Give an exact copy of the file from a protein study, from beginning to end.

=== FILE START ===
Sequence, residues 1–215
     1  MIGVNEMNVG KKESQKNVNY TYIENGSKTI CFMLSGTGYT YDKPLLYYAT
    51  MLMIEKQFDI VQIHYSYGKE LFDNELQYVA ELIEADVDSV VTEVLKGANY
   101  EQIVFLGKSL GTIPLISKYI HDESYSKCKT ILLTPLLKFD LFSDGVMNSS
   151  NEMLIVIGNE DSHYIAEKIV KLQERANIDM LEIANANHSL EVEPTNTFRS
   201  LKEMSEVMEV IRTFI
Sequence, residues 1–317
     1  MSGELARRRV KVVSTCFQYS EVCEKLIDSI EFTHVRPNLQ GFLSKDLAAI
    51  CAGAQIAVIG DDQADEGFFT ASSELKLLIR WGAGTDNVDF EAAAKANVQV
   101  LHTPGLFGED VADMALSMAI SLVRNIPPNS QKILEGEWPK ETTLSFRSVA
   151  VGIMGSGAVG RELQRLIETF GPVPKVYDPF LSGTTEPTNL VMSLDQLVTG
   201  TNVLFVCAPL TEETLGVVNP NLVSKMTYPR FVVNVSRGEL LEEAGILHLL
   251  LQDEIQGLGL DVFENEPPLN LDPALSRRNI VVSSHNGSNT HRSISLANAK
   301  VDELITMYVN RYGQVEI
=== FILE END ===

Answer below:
Sequence, residues 1–215
     1  MIGVNEMNVG KKESQKNVNY TYIENGSKTI CFMLSGTGYT YDKPLLYYAT
    51  MLMIEKQFDI VQIHYSYGKE LFDNELQYVA ELIEADVDSV VTEVLKGANY
   101  EQIVFLGKSL GTIPLISKYI HDESYSKCKT ILLTPLLKFD LFSDGVMNSS
   151  NEMLIVIGNE DSHYIAEKIV KLQERANIDM LEIANANHSL EVEPTNTFRS
   201  LKEMSEVMEV IRTFI
Sequence, residues 1–317
     1  MSGELARRRV KVVSTCFQYS EVCEKLIDSI EFTHVRPNLQ GFLSKDLAAI
    51  CAGAQIAVIG DDQADEGFFT ASSELKLLIR WGAGTDNVDF EAAAKANVQV
   101  LHTPGLFGED VADMALSMAI SLVRNIPPNS QKILEGEWPK ETTLSFRSVA
   151  VGIMGSGAVG RELQRLIETF GPVPKVYDPF LSGTTEPTNL VMSLDQLVTG
   201  TNVLFVCAPL TEETLGVVNP NLVSKMTYPR FVVNVSRGEL LEEAGILHLL
   251  LQDEIQGLGL DVFENEPPLN LDPALSRRNI VVSSHNGSNT HRSISLANAK
   301  VDELITMYVN RYGQVEI